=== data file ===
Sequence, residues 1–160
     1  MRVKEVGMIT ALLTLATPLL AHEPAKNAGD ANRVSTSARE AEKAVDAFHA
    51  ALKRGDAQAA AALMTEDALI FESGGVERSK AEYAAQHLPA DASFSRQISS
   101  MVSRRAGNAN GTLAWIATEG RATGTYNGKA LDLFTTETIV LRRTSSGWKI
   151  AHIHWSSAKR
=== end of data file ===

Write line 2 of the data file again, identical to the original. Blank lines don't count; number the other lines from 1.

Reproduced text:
     1  MRVKEVGMIT ALLTLATPLL AHEPAKNAGD ANRVSTSARE AEKAVDAFHA